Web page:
De­signs build on vi­sion of a bet­ter life

Los Angeles Times - - POP & HISS - By Sharon Mi­zota

“Af­ter Vic­tor Pa­panek: The Fu­ture Is Not What It Used to Be” at the Ar­mory Cen­ter for the Arts in Pasadena fea­tures artists who en­gage with the prin­ci­ples of the industrial designer, writer and ed­u­ca­tor.

An early pro­po­nent of hu­man-cen­tered, sus­tain­able and so­cially re­spon­si­ble de­sign, Pa­panek in­flu­enced SoCal de­sign prac­tices as a found­ing dean at CalArts.

The re­sult is an en­gag­ing and thought-pro­vok­ing ex­hi­bi­tion that cel­e­brates not only cre­ativ­ity but the no­tion that art might make the world a bet­ter place.

Pa­panek, who died in 1998, saw de­sign as a way of solv­ing real prob­lems for real peo­ple rather than sim­ply gen­er­at­ing nov­elty or cel­e­brat­ing ge­nius. He ad­vo­cated for de­sign ad­dress­ing the needs of the poor, dis­abled, el­derly and other un­der­served com­mu­ni­ties.

The ex­hi­bi­tion in­cludes sev­eral copies of his books and images of his de­signs, in­clud­ing a pair of tall, stilt-like shoes he made for his mother, who was too short to work com­fort­ably at her kitchen counter.

Per­haps the most closely al­lied with Pa­panek’s vi­sion is Ken Ehrlich and Mathias Hey­den’s set of cur­tains and rolling wooden book­shelves. De­signed in re­sponse to dis­cus­sions with the Ar­mory Cen­ter’s staff, the com­po­nents of the piece have served as stor­age, room di­viders and an ad-hoc bar, among other uses. Mod­u­lar, low-cost and based on prac­ti­cal needs, they are the hum­blest, hard­est-work­ing ob­jects in the show.

Sim­i­lar in spirit is Rafa Es­parza’s fire pit, an oc­tag­o­nal struc­ture made of lo­cal adobe bricks. Es­parza has pro­posed adding the pits to Pasadena parks as a cheaply pro­duced, biodegrad­able al­ter­na­tive to poorly main­tained metal grills.

Some­what less use­ful, if more beau­ti­ful, is CamLab’s wall-mounted, fold-down, wood-and-mir­ror ta­ble. Ac­tu­ally based on a Pa­panek de­sign, it is shaped like a vagina, re­cast­ing Pa­panek’s work in a cheeky, fem­i­nist light. In a sim­i­lar vein, Olga Koumoundouros cel­e­brates her close re­la­tion­ship as a sin­gle mother to her son in a dream­ily dec­o­rated gold ham­mock for two.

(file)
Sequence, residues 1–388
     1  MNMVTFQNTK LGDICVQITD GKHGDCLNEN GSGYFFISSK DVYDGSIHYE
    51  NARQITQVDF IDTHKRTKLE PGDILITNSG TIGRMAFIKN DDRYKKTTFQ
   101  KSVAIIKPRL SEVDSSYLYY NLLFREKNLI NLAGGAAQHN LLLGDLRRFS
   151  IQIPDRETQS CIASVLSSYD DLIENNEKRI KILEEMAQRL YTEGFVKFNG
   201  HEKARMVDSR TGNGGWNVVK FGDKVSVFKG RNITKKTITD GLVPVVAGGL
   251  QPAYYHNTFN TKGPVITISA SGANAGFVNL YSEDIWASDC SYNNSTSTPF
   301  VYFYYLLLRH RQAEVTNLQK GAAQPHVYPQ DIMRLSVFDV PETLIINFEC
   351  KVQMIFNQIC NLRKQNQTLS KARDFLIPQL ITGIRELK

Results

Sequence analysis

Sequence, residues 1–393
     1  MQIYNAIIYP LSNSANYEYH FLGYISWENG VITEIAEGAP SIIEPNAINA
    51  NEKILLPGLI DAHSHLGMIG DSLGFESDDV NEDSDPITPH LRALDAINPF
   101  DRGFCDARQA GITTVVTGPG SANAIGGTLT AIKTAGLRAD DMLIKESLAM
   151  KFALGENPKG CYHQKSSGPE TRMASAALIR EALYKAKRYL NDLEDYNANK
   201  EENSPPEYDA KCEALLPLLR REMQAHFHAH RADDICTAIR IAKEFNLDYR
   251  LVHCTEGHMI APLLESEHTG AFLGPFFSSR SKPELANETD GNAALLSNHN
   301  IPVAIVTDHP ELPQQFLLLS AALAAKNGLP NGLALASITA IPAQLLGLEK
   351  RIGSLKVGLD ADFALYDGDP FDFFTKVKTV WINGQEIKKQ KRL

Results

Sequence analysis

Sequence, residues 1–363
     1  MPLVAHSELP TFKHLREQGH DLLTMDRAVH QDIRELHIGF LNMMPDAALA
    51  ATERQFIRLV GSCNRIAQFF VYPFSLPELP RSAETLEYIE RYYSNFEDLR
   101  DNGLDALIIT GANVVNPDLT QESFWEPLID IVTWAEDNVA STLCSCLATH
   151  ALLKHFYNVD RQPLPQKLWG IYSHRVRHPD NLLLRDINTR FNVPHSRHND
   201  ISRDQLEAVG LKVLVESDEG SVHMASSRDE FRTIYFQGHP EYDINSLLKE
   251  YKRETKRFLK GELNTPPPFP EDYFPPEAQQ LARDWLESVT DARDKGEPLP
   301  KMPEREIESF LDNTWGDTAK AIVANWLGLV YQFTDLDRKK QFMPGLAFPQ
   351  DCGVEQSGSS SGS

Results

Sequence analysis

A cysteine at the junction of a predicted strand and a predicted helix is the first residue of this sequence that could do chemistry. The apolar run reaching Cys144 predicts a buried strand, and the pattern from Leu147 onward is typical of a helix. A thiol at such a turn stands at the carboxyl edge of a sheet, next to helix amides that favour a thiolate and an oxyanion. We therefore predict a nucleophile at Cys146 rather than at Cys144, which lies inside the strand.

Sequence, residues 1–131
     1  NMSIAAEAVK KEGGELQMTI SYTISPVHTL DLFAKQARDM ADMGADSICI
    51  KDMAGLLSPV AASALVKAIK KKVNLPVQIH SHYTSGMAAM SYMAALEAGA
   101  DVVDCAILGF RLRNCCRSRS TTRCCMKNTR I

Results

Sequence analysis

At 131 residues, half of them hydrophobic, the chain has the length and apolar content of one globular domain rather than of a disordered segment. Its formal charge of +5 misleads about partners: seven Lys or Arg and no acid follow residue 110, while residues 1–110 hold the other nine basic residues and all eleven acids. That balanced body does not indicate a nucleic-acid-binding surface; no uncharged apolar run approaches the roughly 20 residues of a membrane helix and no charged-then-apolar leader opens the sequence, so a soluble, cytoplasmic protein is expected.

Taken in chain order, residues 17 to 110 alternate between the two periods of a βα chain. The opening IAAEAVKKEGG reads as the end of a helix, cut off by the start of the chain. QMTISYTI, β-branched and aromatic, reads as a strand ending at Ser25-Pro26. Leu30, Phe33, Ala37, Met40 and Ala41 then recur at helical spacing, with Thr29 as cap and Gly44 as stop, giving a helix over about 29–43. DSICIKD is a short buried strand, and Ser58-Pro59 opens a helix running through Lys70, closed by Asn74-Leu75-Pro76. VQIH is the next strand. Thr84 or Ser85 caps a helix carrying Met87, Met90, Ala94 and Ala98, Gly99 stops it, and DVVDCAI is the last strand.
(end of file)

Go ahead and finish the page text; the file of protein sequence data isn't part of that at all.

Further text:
More schol­arly, but less fun, are Dave Hull­fish Bai­ley’s an­no­tated topo­graph­i­cal maps, look­ing at the “de­sign” of the Amer­i­can West through early plan­ning for ed­u­ca­tional ini­tia­tives.

Robby Herbst and Liz Nuren­berg both use sculp­ture as a means of fa­cil­i­tat­ing per­sonal in­ter­ac­tions. Herbst’s “Col­lec­tive In­ter­ro­ga­tion Ap­pa­ra­tus” is a set of wooden poles out­fit­ted with wrist and an­kle re­straints that bind par­tic­i­pants in a cir­cle for con­ver­sa­tions about re­stric­tions. Nuren­berg’s “Con­ver­sa­tion Piec- es” are ec­cen­tric foam head­pieces de­signed to be worn by two peo­ple at a time in or­der to bring them into more in­ti­mate di­a­logues.

The most spec­tac­u­lar work is Michael Parker’s “Steam Egg II,” an eggshaped steam sauna coated in mir­rors like a disco ball. The sparkling egg, propped up on stilts, is en­tered through a hole at the bot­tom; herbal blends of hot steam are piped in through a side chan­nel. The egg brings spir­i­tual tra­di­tions of rit­ual pu­rifi­ca­tion into the con­text of mod­ern de­sign; not only disco-fab­u­lous, it is also por­ta­ble.

Although it wasn’t in use dur­ing my visit, any­one may squeeze in­side and get sweaty on the first and third Sun­days of the month.

Ar­mory Cen­ter for the Arts, 145 N. Ray­mond Ave., Pasadena, (626) 792-5101, through Sept. 6. Closed Mon­days. www.ar­mor­yarts.org